Melanoma in Situ

Melanocytes, or pigment cells, originate in the basal layer of the epidermis which is the top layer of the skin. An abnormal horizontal growth of these cells results in the earliest form of melanoma which is called melanoma in situ. Because this form of early melanoma is confined to the top layer of the skin and has no contact with blood vessels or lymphatic vessels, there is no risk of the tumor spreading. Therefore, if this is surgically removed, there is a 100% cure rate demonstrating why early detection of melanoma is so important.

Source: National Cancer Institute, 1985

Superficial Spreading Malignant Melanoma

This is the most common type of invasive malignant melanoma comprising approximately 70% of all tumors. It starts in the basal layer and spreads horizontally for months to years before it invades into the dermis. It appears as a flat or barely raised pigmented lesion with irregular borders, like “ink leaching out into paper” and variable color. It is found most commonly on the trunks of men, the legs of women, and the upper backs of both sexes. It is diagnosed most frequently between the ages of 30 and 50 years. 50% occur in pre-existing moles and appear as a darkening or change in color of part of a mole. The other 50% arise as new moles on normal-appearing skin.

Source: National Cancer Institute, 1985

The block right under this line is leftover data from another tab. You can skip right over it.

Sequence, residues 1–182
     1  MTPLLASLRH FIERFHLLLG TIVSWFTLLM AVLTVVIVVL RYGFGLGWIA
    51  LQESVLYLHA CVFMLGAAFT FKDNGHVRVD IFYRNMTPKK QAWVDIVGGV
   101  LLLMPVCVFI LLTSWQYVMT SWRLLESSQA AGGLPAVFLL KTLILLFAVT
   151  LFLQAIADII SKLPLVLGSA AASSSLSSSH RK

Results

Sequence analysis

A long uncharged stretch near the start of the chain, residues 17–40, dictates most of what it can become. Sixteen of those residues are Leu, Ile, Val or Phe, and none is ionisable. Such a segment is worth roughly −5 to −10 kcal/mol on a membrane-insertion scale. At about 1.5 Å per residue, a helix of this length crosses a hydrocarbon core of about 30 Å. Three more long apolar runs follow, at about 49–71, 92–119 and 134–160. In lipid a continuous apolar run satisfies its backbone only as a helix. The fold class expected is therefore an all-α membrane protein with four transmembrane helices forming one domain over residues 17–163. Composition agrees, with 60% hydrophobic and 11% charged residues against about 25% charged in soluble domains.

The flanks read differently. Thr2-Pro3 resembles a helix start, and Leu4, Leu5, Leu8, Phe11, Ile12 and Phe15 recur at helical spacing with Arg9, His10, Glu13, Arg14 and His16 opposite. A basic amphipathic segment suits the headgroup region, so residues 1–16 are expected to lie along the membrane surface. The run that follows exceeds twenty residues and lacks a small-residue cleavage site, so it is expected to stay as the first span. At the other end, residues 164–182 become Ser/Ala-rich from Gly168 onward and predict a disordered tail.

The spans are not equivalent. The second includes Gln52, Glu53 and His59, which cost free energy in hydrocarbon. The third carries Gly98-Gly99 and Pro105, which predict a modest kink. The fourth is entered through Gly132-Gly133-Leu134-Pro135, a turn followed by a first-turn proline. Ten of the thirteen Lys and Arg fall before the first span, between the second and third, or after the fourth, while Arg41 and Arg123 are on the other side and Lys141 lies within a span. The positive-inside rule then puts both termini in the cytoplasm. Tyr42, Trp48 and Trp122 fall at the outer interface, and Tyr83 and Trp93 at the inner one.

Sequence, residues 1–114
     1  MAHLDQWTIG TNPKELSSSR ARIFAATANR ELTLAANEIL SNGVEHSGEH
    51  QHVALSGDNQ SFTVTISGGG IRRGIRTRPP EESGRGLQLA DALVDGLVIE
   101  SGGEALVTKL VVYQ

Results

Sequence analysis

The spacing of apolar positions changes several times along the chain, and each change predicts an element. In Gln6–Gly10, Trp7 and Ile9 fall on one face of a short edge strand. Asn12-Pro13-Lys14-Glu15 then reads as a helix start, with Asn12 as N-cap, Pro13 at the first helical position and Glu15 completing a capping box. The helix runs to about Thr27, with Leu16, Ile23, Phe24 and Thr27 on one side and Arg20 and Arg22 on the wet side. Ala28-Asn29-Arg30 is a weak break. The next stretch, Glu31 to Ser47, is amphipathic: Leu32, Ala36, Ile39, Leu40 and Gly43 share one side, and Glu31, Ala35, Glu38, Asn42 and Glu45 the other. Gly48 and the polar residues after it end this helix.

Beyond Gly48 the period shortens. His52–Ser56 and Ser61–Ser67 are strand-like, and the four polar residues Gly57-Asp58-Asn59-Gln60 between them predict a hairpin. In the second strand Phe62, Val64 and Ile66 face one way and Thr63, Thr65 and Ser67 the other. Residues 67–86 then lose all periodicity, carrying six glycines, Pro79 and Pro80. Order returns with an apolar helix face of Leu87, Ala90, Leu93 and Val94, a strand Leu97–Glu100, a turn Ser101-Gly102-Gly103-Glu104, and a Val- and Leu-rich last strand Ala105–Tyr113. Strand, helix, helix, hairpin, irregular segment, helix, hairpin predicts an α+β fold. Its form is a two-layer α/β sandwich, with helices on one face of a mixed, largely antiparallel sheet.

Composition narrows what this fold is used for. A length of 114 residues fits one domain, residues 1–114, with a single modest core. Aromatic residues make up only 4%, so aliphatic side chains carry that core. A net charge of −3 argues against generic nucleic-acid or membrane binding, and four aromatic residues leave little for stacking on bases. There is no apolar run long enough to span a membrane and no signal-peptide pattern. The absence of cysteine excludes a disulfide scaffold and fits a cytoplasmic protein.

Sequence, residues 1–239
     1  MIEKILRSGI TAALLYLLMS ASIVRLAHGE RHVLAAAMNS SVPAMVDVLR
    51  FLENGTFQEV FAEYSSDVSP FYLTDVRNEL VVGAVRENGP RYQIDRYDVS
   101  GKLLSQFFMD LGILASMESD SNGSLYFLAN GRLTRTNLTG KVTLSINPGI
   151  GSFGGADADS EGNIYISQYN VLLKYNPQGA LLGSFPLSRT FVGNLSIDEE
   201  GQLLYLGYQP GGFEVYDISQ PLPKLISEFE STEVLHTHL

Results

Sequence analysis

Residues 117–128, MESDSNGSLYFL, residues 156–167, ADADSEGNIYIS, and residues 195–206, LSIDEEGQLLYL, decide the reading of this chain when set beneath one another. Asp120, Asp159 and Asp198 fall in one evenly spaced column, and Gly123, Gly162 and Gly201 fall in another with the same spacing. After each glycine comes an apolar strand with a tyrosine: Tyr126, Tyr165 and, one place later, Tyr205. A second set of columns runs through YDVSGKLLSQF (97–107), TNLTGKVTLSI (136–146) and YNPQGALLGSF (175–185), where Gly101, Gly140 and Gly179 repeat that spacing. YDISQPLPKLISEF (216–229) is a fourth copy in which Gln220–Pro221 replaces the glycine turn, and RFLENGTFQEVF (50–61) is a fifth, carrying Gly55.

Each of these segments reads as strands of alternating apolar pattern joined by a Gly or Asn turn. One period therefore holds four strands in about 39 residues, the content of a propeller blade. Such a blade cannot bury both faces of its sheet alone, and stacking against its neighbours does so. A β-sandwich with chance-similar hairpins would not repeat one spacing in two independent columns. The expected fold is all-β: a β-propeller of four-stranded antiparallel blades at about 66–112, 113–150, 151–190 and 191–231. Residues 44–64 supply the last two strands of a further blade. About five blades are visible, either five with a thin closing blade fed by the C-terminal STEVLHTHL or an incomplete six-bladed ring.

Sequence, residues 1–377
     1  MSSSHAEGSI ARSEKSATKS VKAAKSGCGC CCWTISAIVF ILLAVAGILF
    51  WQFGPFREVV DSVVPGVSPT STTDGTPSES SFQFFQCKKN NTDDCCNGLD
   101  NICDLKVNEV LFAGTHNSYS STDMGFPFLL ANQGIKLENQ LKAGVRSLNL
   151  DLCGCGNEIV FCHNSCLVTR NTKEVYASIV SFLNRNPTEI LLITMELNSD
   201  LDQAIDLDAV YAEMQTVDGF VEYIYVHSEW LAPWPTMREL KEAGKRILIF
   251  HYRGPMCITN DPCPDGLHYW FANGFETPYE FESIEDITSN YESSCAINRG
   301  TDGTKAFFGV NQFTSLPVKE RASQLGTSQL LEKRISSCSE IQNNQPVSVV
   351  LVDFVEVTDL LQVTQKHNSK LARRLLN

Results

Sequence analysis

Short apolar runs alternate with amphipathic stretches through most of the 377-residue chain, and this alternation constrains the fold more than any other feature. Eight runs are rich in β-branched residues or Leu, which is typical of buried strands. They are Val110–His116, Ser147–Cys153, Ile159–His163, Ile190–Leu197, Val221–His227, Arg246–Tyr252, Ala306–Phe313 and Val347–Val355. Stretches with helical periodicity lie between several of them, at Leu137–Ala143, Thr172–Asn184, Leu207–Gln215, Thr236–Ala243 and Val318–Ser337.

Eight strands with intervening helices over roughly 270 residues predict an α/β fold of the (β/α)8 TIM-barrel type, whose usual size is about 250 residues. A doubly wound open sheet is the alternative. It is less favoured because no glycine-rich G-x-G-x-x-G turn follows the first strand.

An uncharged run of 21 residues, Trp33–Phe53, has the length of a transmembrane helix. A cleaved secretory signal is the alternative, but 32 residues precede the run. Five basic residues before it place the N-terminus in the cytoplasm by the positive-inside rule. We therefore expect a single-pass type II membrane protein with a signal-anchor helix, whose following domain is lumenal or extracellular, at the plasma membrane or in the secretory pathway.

Nodular Melanoma

This type of invasive melanoma comprises approximately 10-15% of all melanomas. Instead of having a horizontal growth phase like a superficial spreading malignant melanoma, this has a quicker vertical growth phase meaning that the tumor invades the dermis at a faster rate. Therefore, the tumor often is deeper at the time of diagnosis and, as a result, has a poorer prognosis. Nodular melanomas appear to be blue-black in color (approximately 5% are pink or red) and are dome-shaped. Men tend to be affected more frequently than women.

Source: Skin Cancer Foundation, September 1988

Lentigo Maligna Melanoma

This type of melanoma accounts for approximately 5% of all invasive malignant melanomas and develops from a pre-existing lentigo (or age spot) that is very slow-growing and takes many years to develop. Like superficial spreading malignant melanoma, it has a very long horizontal growth phase before it invades the dermis. It is primarily a tumor of older adults and is found most frequently on the face but also on other sun-exposed sites. It appears as a flat, tan-colored patch with shades of brown, black, blue, red, gray, and white discoloration.

Acral Lentiginous Malignant Melanoma

This type accounts for less than 5% of all invasive malignant melanomas. It is the most common type of melanoma in African Americans and Asians. It develops on the palms and soles as well as the nail beds. These appear as tan, brown, or black patches with variations in color and irregular borders. They can appear as a dark streak in a nail bed.

Ocular (Eye) Melanoma

This type accounts for approximately 3% of all melanomas. While it is relatively uncommon, it is the most common type of ocular cancer in adults.

Unknown Primary Melanoma

This term means that the site of origin of the melanoma cannot be determined and that the tumor has already spread (metastasized) to other internal body sites. This occurs with melanomas that have regressed and with melanomas that have arisen in internal sites such as the gastrointestinal tract or spinal column.